Climate Change – A Few Common Misconceptions

                Climate change is a very serious issue for not only the well being of our planet Earth but the well being and survivals of us, as a species. Chances are that, unless you’ve been living under a rock for the past decade or so, you are aware of this. Heck, even if you’ve been ice skating with some emperor penguins in the Antarctic or fishing with a few polar bears in the Arctic you’ve would’ve noticed the melting ice and glaciers slowly breaking down. Though not as heavily publicized and valued, maybe rightfully so, as cancer awareness, the AIDS epidemic, or even the rising population paired with dwindling resources, climate change has been gaining notoriety at fairly quick pace.

                In my opinion and I’m sure many people would agree with me, one of the biggest problems facing the battle against climate change is perhaps the transfer of essential information regarding the topic. Scientists, most of whom have exclusive background in the sciences do not always have the easiest time conveying the information concerning climate change to politicians and policy makers, most of whom usually have very little to no formal training, especially of higher level, in the environmental sciences. Perhaps, in their attempt to “dumb down” the stats and details of climate change, they accidentally downplay the importance or even severity of the problem. This is why it is important that every student, no matter field of interest should be exposed to sciences as well as other fields.

            Now, so far I have said that we have a bunch of smart scientists with their lab coats, their stats, and details facing a bunch of politicians in their thousand dollar suits and ties with matching cufflinks trying to figure things out. But, I want to bring it down a step to the everyday citizen who either knowingly or unknowingly faces the consequences of not only climate change itself but the results of the decisions made by those in authority concerning the issue. Let’s me start of by asking you, the reader, how much do you know about climate change. Never mind whether you are concerned, aware of, or even dismissive of the fact, just ask yourself how much you and even the people around you actually know about climate change. Then ask yourself, of what you do know, how much of that is fact and how much fiction. Now before you go into deep thought about this allow me to ask you this: How can people in society really push towards combating and bringing about change regarding climate change if we aren’t aware of the basics, the simple facts about the issue? How much can you trust politicians who have their own agendas on mind when they inform the public or even the media which are a part of huge media conglomerates which too have hidden agendas?  Maybe now you’re thinking that this all seems like too much work for you in your busy lives so I will tell you what. I’ve gone and done the research and I want to present to you some misconceptions and facts about climate change. I hope that in doing this I bring not only awareness but also some good information so that you can come to your own conclusions. As I said before, “The more you know the better opinions you can form!” So with that being said let me present you with what I promised.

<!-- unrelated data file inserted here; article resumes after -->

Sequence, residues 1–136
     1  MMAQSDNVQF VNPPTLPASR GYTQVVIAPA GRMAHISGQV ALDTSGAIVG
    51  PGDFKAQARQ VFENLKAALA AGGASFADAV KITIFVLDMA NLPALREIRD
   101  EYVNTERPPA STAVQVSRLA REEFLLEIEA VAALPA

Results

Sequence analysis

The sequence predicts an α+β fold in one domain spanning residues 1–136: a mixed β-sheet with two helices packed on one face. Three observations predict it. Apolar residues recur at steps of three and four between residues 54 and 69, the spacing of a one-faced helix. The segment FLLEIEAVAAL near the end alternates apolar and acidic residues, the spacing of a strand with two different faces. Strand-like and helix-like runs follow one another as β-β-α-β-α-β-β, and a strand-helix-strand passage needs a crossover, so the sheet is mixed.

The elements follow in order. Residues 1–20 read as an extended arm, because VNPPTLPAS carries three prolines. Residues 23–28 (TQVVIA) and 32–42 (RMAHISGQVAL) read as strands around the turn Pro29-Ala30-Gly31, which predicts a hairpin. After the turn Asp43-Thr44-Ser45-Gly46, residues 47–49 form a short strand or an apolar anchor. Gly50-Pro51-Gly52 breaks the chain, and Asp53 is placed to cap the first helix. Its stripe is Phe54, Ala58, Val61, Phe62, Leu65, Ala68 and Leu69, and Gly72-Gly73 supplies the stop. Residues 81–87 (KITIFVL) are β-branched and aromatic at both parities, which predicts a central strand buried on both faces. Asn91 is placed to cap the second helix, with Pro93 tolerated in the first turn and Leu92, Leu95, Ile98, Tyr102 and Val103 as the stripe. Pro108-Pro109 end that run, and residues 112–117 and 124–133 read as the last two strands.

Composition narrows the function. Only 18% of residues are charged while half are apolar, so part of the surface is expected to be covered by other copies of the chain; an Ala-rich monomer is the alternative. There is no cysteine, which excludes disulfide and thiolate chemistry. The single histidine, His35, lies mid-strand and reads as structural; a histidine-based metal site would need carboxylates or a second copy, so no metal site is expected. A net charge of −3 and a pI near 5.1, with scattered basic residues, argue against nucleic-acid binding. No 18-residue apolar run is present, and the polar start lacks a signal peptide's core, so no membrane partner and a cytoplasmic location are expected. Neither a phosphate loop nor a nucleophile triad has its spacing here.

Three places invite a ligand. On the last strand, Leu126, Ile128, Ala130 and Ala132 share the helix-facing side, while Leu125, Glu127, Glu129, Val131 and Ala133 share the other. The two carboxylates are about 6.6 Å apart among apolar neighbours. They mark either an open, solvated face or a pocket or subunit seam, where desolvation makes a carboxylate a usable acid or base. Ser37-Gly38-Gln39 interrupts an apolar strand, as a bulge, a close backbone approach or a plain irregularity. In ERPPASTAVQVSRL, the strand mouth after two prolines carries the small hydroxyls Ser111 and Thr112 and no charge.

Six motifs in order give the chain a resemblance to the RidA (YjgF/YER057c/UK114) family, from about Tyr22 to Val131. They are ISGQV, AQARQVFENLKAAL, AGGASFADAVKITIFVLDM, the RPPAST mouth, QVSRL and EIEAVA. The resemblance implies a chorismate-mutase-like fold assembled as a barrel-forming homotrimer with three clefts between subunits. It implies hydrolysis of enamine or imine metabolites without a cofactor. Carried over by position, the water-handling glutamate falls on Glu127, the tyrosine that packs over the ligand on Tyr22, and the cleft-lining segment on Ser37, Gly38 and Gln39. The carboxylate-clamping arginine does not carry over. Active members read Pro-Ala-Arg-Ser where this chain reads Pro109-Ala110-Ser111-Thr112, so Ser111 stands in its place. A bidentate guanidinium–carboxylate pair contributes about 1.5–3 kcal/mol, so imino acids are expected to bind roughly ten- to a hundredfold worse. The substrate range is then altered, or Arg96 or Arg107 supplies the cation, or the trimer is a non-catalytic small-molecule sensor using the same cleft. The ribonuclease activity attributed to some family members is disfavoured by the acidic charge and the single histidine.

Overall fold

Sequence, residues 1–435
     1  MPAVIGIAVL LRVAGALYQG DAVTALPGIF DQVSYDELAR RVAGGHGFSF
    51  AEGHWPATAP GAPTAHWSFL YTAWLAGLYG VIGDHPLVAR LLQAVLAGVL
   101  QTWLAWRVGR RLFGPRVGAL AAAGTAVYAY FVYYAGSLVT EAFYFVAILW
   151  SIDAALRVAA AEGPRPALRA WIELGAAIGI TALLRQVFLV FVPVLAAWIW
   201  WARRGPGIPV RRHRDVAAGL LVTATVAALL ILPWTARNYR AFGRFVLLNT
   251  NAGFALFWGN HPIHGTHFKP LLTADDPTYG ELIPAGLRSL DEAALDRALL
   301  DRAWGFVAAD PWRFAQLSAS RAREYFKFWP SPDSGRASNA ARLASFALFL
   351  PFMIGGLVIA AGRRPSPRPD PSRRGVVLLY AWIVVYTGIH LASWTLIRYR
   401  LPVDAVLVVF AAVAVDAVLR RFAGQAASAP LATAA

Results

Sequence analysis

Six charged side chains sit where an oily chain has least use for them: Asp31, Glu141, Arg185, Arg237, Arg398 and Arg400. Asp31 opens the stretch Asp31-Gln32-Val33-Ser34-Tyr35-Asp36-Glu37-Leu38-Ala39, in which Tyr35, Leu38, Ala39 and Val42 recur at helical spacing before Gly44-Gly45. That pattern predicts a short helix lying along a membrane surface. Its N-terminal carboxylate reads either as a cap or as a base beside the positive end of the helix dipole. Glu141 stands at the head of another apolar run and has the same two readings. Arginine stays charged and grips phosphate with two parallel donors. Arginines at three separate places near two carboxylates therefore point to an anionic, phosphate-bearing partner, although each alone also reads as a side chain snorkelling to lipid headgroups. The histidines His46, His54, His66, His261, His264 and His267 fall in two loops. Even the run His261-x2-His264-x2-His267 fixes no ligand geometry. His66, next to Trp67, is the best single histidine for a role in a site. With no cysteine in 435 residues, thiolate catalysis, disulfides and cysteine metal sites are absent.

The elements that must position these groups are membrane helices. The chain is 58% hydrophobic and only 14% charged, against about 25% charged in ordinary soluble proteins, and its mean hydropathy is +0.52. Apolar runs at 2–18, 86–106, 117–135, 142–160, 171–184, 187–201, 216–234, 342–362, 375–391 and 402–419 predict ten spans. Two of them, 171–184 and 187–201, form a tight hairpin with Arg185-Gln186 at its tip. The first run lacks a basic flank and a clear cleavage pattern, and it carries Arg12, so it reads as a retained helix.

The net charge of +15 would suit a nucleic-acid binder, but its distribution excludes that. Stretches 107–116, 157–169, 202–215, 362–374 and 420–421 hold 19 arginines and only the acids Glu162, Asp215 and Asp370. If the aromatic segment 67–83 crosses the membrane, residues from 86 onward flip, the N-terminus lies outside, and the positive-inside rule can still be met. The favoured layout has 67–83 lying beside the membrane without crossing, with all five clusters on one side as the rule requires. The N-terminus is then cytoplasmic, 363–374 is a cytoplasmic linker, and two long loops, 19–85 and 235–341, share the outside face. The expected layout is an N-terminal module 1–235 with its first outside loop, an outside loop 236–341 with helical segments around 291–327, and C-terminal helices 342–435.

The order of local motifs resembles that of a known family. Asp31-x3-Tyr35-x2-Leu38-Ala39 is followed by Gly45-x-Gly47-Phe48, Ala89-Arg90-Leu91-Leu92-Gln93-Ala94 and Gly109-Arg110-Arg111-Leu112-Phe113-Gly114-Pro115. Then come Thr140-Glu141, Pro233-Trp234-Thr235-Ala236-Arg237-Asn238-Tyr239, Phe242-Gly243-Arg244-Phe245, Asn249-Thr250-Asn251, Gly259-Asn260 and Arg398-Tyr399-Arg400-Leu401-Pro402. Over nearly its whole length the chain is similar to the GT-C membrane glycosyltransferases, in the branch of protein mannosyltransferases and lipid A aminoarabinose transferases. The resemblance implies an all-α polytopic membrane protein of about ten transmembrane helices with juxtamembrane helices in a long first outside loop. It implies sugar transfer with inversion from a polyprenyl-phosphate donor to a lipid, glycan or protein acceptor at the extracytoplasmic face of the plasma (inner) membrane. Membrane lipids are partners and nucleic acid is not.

Climate Change is causing global temperatures to rise at a rapid rate.

 Well I’m pretty sure you’ve heard someone exclaim, probably during a harsh winter storm, “If there is global warming, how come the weather isn’t warming up?” To be honest, I admit to naively wondering the same thing. The truth of the matter is though that on average the Earth has only warmed up by around 0.6 degrees Celsius over the last century and only 1.0 degrees Celsius in the past two decades. Even the record highs that are glorified on the news are only based on records kept since the 1860’s. But wait, before we start jumping for joy and running back to your local Hummer dealer, let us remember that although there has not been a huge change in temperature, global warming and climate change are still very real and even a slight change in temperature such as this can disturb the balance of the Earth.